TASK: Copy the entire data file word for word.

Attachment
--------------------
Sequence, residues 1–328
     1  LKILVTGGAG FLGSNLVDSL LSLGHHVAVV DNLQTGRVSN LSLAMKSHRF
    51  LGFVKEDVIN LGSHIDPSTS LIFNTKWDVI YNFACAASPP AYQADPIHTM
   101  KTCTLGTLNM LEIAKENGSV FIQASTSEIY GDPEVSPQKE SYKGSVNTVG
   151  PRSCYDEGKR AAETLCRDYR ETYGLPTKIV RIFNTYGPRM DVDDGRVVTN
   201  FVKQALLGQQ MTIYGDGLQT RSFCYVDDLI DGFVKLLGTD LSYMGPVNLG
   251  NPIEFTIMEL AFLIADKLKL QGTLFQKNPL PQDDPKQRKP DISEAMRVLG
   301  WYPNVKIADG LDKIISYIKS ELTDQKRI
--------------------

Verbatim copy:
Sequence, residues 1–328
     1  LKILVTGGAG FLGSNLVDSL LSLGHHVAVV DNLQTGRVSN LSLAMKSHRF
    51  LGFVKEDVIN LGSHIDPSTS LIFNTKWDVI YNFACAASPP AYQADPIHTM
   101  KTCTLGTLNM LEIAKENGSV FIQASTSEIY GDPEVSPQKE SYKGSVNTVG
   151  PRSCYDEGKR AAETLCRDYR ETYGLPTKIV RIFNTYGPRM DVDDGRVVTN
   201  FVKQALLGQQ MTIYGDGLQT RSFCYVDDLI DGFVKLLGTD LSYMGPVNLG
   251  NPIEFTIMEL AFLIADKLKL QGTLFQKNPL PQDDPKQRKP DISEAMRVLG
   301  WYPNVKIADG LDKIISYIKS ELTDQKRI